PerspectivePlant Science

# Communal Benefits of Transgenic Corn

See allHide authors and affiliations

Science  08 Oct 2010:
Vol. 330, Issue 6001, pp. 189-190
DOI: 10.1126/science.1196864

Genetically engineered crops represent one of the most controversial and rapidly adopted technologies in the history of agriculture. First grown commercially in 1996, transgenic crops covered 135 million hectares (ha) in 25 countries during 2009 (1). To reduce reliance on insecticide sprays, corn and cotton have been genetically engineered to make insecticidal proteins derived from the common bacterium Bacillus thuringiensis (Bt). These Bt toxins kill some devastating insect pests, but unlike broad-spectrum insecticides, they do little or no harm to most other organisms, including people (2). Many pests have rapidly evolved resistance to insecticides, however, spurring concerns that adaptation by pests could quickly reduce the efficacy of Bt crops and the associated environmental, health, and economic benefits (37). On page 222 of this issue, Hutchison et al. (8) rein in some of those concerns, documenting a landmark case in which Bt corn has remained effective against a major pest for more than a decade, yielding billions of dollars of estimated benefits to farmers in the midwestern United States.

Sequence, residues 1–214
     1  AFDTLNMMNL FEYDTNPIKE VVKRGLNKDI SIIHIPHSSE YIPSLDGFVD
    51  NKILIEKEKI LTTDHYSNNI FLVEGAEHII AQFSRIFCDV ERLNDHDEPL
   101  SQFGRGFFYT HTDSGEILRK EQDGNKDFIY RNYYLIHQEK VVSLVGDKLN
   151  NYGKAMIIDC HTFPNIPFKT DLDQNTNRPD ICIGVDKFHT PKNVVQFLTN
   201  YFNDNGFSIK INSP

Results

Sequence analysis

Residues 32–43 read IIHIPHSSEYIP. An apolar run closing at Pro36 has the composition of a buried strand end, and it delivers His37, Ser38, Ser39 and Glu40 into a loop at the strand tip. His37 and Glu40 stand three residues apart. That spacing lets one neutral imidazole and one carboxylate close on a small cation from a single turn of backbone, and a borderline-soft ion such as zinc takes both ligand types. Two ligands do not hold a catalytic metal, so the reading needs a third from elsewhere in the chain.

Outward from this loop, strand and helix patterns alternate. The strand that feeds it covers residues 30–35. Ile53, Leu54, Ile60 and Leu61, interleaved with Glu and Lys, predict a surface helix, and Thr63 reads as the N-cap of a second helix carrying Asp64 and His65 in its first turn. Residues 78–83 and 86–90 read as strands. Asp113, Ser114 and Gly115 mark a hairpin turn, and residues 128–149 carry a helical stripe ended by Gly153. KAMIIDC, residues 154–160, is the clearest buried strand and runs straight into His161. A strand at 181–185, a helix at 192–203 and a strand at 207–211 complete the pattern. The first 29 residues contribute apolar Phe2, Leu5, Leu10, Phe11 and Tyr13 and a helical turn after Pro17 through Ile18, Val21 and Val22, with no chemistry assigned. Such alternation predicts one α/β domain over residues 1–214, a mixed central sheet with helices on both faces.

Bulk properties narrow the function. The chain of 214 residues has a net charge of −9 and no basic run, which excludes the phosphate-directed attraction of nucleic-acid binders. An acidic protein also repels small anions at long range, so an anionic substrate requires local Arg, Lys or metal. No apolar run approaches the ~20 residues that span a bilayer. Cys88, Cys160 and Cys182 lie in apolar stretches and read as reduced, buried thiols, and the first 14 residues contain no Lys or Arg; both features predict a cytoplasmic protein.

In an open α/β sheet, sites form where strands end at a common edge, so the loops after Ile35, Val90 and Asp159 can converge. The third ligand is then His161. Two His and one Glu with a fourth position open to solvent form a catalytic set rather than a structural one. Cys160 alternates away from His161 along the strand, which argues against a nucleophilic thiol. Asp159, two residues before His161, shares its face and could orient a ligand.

Hutchison et al. describe Bt corn's suppression of the European corn borer (Ostrinia nubilalis), an invasive insect introduced into the United States in 1917. The caterpillars of this moth chew on leaves and tunnel in corn stalks. Before the advent of Bt corn, it caused losses of $1 billion per year in the United States (8). However, susceptible caterpillars of this pest do not survive on Bt corn that produces toxins active against the larvae of Lepidoptera (moths and butterflies) (8). Although it is not surprising that planting millions of hectares of Bt corn reduced the damage caused by the European corn borer, Hutchison et al. discovered that most of the economic benefits from 1996 to 2009 were associated with planting corn that does not make Bt toxins (i.e., non-Bt corn). This somewhat counterintuitive result arises from three facts: Farmers paid a premium of about$10 to \$20 per ha for Bt corn seed; on average, non-Bt corn was more abundant than Bt corn; and pest populations decreased dramatically on non-Bt corn plants.

The suppression of pests on non-Bt plants near Bt plants—called the “halo effect”—was predicted on theoretical grounds by Alstad and Andow in 1996 (3). The halo effect occurs with European corn borer because females lay eggs indiscriminately on Bt and non-Bt corn, and the caterpillars hatching on Bt corn die (8) (see the figure). If Bt plants account for a substantial percentage of the available host plants, regional pest populations can be greatly reduced, resulting in less damage to non-Bt plants. Although the halo effect was seen before (6, 9, 10), Hutchison et al. are the first to report an economic analysis of this phenomenon based on large-scale, long-term data. They demonstrate that planting non-Bt corn pays off because farmers avoid the extra cost of Bt seed, yet still get some pest control benefits generated from neighboring Bt corn.